I will be working on a violin and piano sonata in the not-too-distant future, so I have been feeding my ear with some listening, starting with the Anne-Sophie Mutter/Lambert Orkis complete Beethoven sonatas. These are extraordinary performances. The rhythmic unanimity of the pair is positively uncanny, especially given the judiciously flexible approach to pulse. Lambert is able to balance chords with stunning consistency and make broken-chord accompaniments hum discreetly, yet articulately. But these details are not the whole story – the larger scale forms are made transparent by the careful calibration of climaxes, by well-chosen tempi, by contrasts of finely delineated character. I recommend the set without reservation.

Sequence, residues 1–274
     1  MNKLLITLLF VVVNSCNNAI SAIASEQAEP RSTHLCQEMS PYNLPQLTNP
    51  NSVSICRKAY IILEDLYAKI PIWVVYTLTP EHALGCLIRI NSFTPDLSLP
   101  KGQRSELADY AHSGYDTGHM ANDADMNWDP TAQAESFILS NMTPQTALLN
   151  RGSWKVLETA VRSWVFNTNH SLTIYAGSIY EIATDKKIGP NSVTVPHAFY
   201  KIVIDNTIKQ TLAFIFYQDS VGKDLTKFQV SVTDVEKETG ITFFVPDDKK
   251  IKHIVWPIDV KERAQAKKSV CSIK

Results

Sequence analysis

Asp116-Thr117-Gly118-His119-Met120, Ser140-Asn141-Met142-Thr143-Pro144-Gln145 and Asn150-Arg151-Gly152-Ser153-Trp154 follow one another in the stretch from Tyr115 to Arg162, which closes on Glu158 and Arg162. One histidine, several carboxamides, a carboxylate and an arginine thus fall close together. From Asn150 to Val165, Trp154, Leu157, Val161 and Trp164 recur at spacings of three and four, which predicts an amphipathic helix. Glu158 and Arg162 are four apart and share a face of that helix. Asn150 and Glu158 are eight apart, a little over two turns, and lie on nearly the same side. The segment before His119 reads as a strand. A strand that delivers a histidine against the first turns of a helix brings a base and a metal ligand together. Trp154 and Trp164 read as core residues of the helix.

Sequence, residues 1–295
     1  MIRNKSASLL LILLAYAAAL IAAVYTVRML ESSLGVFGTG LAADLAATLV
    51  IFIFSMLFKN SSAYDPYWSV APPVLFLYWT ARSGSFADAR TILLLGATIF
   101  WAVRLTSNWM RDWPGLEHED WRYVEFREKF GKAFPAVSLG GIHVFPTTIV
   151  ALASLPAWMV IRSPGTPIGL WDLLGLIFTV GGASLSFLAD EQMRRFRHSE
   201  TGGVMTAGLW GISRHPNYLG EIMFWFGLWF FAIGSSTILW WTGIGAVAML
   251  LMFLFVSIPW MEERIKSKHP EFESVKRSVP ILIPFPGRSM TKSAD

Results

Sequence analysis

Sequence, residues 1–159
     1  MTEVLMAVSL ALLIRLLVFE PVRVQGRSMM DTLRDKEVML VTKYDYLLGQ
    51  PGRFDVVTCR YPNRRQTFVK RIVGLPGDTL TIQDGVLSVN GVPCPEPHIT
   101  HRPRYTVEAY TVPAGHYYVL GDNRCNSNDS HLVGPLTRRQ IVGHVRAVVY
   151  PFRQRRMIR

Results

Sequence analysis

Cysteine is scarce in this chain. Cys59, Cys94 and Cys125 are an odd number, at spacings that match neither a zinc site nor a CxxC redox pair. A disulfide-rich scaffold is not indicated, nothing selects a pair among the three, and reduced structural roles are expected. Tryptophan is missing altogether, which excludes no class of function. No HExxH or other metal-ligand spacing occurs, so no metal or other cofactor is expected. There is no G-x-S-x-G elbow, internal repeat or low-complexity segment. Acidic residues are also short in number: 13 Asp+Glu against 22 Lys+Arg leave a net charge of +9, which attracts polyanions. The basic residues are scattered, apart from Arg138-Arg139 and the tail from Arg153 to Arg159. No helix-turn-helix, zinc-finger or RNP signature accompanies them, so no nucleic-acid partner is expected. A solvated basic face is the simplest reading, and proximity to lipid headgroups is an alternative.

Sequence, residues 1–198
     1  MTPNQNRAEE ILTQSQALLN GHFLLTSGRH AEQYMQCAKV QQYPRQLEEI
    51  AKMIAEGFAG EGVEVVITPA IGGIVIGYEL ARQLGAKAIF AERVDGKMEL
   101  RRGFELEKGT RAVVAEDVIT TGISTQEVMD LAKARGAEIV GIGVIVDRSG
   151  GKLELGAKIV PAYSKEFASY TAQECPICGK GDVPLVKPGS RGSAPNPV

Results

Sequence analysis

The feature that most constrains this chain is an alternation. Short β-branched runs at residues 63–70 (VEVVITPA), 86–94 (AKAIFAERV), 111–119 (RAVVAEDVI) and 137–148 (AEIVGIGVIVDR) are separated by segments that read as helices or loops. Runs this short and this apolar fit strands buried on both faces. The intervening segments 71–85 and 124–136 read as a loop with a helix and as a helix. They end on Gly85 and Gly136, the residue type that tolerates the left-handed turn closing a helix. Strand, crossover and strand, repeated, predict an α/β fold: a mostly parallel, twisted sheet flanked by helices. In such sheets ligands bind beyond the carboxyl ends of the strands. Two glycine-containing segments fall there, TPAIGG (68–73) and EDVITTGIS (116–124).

This is an album of 18 succinct free improvisations, some using a Schoenberg or Webern row as a jumping off point, and featuring the three artists in various combinations alongside solo piano tracks. The concision of the individual pieces (none of them longer than five minutes) is an important selling point of the disc – nothing self-indulgent here. Adding further to the appeal are the subtle hints of boogie-woogie or other traditional jazz piano idioms that Bley weaves into the solo pieces; the playing may be spontaneous, but not without a sense of history. Uncommonly focussed and coherent music-making throughout.